The government is pulling out of the £5.9 million deal to run a prison in Saudi Arabia, Number 10 has announced, after a row between two Cabinet ministers surfaced in the press.
Downing Street also said that David Cameron was writing to the Saudi authorities to raise the ‘extremely concerning’ case of Karl Andree, a British pensioner sentenced to 350 lashes after being caught with homemade alcohol. But the Prime Minister’s official spokeswoman said that the Andree case wasn’t linked to the decision on the prison deal, and wouldn’t answer questions on when the decision was made.
This is of course a victory for Michael Gove, who had been pressing for the government to pull out of the contract, which his predecessor Chris Grayling had approved, and which he would have had to sign in the coming days. Gove had come to blows with Philip Hammond, who Rachel Sylvester reports in her Times column today accused the Justice Secretary of naivety.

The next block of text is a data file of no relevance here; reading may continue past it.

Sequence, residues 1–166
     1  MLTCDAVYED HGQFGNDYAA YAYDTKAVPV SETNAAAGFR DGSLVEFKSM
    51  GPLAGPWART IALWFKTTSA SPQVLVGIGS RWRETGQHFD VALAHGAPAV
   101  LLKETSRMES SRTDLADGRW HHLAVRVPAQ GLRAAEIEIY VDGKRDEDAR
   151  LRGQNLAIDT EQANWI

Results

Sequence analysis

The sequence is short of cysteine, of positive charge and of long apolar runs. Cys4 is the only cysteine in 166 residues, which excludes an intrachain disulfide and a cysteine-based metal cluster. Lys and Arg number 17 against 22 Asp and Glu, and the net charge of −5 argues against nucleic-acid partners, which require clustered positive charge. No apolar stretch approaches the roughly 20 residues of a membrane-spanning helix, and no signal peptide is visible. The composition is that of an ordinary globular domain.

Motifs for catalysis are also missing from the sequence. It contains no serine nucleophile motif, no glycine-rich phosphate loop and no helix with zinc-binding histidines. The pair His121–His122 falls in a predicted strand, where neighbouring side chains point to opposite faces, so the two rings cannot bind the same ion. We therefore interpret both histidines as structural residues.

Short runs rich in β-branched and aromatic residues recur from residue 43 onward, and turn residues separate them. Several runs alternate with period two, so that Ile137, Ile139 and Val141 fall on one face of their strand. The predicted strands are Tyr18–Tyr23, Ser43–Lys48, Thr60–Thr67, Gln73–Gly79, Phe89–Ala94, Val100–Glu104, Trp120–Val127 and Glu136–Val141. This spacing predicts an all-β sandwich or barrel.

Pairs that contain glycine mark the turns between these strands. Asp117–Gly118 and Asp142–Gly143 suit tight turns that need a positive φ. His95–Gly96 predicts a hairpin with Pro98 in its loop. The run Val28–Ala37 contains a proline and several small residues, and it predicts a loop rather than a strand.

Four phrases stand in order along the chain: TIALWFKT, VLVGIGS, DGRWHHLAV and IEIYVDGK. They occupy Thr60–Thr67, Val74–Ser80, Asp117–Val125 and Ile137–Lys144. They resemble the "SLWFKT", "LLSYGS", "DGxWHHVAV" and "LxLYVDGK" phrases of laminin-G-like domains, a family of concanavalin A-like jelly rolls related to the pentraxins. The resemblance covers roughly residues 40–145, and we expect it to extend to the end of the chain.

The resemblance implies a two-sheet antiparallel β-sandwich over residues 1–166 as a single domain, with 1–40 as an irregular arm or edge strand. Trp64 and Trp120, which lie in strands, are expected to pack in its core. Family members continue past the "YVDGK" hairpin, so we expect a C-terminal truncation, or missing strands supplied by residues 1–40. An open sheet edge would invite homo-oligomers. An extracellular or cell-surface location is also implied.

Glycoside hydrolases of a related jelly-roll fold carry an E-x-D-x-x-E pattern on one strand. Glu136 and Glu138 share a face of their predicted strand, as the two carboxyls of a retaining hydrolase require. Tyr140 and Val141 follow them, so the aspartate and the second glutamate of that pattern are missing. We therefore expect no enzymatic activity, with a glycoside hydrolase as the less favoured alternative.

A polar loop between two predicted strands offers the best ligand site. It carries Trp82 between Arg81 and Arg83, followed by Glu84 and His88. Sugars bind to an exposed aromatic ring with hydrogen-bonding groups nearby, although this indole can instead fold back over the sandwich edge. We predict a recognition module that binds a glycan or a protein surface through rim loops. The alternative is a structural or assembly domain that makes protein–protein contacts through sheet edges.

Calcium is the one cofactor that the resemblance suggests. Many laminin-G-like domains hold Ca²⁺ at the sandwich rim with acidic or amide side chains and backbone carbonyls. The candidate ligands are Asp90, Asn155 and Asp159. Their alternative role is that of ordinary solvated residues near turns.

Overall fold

It is also something Jeremy Corbyn can claim as a victory, given he urged Cameron to cancel the bid in his party conference speech, saying:
‘And while you’re about it, terminate that bid made by our Ministry of Justice’s to provide services for Saudi Arabia – which would be required to carry out the sentence that would be put down on Mohammed Ali al-Nimr.’
The question is why David Cameron decided to back Gove, and when. It’s not something Downing Street is keen to elaborate on. But the Prime Minister seems to have decided at some point that he wants to take a harder line on the Saudi approach to human rights – and not before time.